Would it be Great if... - Tackara, J. (2007).

Dott 07 (Designs of the time 2007), a year of community projects, events and exhibitions based in North East England, explored what life in a sustainable region could be like – and how design can help us get there. A national initiative of the Design Council with the regional development agency One NorthEast, Dott 07 is the first in a 10-year programme of biennial events developed by the Design Council that will take place across the UK. The projects were small but important real-life examples of sustainable living, which will evolve and multiply in the years ahead. Several projects were delivered in partnership with Culture10, based at NewcastleGateshead Initiative. Culture10 manages North East England’s world-class festival and events programme. The projects aim to improve five aspects of daily life: movement, energy, school, health and food. The focus of the initiative was on grassroots community projects, but there were also projects involving more than 70 schools, plus exhibitions and events in museums, galleries and rural sites. All events explored how design can improve our lives in meaningful ways. Throughout the Dott year, enthusiastic citizens met with designers, policy makers and subject experts at monthly Explorers’ Clubs. The year culminated in a free 12-day Dott 07 Festival in Baltic Square on the banks of the River Tyne. It brought together the results of the projects and enabled all those involved to share their experiences and plan what to do next. Outstanding achievements were celebrated with Creative Community Awards. Above all, the festival was an opportunity for many more people to find out how to participate in similar projects – and thereby accelerate the region’s transition to one planet living. The Dott 07 Festival was divided into the following zones, which are reflected in this manual:•MOVEMENT•ENERGY•SCHOOLS•HEALTH•FOOD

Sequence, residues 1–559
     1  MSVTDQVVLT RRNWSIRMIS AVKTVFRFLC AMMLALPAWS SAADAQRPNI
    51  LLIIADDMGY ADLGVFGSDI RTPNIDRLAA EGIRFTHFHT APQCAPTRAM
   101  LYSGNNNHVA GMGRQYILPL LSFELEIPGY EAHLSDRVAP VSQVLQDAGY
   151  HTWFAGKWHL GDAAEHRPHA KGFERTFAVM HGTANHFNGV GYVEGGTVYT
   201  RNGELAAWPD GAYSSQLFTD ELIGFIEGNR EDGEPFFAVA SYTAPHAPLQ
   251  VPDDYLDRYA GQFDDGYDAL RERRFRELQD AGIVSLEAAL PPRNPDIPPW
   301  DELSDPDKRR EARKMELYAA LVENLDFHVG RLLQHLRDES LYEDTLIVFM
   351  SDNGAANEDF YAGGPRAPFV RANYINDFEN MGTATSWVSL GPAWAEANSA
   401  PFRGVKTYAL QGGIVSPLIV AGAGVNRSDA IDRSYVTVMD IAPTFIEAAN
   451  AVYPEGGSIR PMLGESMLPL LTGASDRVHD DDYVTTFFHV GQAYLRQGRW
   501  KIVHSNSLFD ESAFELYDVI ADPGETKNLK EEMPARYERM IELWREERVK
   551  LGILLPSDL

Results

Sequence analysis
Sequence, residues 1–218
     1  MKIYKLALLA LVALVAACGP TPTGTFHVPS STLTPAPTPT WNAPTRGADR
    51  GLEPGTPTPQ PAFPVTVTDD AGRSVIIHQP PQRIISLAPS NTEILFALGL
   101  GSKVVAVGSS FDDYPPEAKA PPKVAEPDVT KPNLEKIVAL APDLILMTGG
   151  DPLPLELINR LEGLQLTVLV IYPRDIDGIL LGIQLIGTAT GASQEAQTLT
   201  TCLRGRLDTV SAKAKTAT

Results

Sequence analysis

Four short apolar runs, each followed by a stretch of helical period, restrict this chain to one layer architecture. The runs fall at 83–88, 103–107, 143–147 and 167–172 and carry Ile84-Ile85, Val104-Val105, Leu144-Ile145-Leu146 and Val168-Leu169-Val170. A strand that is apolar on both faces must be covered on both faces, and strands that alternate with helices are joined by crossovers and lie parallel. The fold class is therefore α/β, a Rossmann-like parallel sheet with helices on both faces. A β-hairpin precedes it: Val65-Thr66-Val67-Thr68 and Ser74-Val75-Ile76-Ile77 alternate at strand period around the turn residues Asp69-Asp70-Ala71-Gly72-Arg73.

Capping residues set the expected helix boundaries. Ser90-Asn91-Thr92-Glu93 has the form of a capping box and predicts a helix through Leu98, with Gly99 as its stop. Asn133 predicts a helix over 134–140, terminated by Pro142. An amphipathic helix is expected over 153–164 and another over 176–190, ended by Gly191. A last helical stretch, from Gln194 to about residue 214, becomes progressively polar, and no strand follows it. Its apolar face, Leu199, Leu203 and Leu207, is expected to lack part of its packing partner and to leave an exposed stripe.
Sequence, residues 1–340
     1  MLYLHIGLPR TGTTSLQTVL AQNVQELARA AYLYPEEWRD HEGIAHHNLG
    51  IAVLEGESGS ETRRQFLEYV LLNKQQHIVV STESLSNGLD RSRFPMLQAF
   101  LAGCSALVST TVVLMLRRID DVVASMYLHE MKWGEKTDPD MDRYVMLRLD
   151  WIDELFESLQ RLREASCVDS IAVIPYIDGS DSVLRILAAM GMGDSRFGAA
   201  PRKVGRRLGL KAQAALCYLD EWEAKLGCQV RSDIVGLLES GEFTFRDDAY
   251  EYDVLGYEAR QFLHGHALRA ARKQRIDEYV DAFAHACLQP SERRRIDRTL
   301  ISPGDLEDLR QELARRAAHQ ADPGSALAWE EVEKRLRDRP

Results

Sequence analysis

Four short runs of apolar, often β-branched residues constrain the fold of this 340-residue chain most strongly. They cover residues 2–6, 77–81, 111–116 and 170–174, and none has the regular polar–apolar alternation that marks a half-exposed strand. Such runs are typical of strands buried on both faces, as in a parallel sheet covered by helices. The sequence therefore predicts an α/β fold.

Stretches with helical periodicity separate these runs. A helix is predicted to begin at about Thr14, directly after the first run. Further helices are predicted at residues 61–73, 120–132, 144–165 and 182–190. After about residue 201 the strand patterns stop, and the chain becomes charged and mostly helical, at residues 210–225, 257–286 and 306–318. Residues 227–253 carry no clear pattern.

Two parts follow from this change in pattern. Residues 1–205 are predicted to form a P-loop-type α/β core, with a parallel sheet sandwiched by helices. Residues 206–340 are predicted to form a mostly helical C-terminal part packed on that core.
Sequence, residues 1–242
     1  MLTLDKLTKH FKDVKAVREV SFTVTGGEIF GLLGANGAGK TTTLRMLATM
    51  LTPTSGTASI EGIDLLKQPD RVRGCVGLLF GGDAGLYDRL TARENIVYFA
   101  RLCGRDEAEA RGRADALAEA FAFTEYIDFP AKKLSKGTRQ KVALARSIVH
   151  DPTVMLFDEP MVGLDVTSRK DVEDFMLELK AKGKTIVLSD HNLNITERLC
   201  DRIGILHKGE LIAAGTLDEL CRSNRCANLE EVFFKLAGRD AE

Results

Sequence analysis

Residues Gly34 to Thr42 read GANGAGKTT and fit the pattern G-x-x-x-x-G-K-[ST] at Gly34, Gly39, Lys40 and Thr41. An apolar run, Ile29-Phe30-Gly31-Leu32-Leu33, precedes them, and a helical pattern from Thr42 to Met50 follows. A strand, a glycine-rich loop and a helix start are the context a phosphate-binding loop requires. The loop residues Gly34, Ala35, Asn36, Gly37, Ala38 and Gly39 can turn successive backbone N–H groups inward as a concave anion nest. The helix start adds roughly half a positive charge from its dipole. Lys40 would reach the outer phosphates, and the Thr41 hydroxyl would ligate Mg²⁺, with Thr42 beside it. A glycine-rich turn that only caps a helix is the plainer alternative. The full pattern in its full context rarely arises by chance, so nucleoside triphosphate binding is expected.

Innovation by design in public services - Thomas, E. and C. Grace (2008).

Design is key to the challenges of public service transformation. And those challenges are daunting. The government published the Innovation Nation white paper earlier this year, and set the scale of what lies ahead.
New and revised approaches are needed which build on the exciting work underway but which connect the public into the centre of both policy and action.

Service design and social innovation

Social Innovation and new Industrial Context. Can Design "Industrialise Socially Responsible Solutions?" - Nicola Morelli (2007)


Almost thirty-five years ago, Victor Papanek pointed out the designers’ responsibilities with respect to major social and environmental needs. Papanek’s call perhaps was the earliest alarm bell ringing for a change in the design profession.
After some decades the risks suggested by the most pessimistic interpretation of Papanek’s warning are being realized, and it is now time for the design profession, together with other professions, to address these problems. While scientists and technologists focus on the physical aspects of social metabolisms, with the aim of driving future developments away from environmental catastrophes, other social actors, including designers, are urged to work on the major social, cultural, political, and economical instances brought about by globalization.
This paper will explore this area and explain the entity of the ongoing shift towards new models, suggest new focuses and new methodologies for designers’ activities, and finally reframe this contribution within the debate started by Papanek and recently revived by others.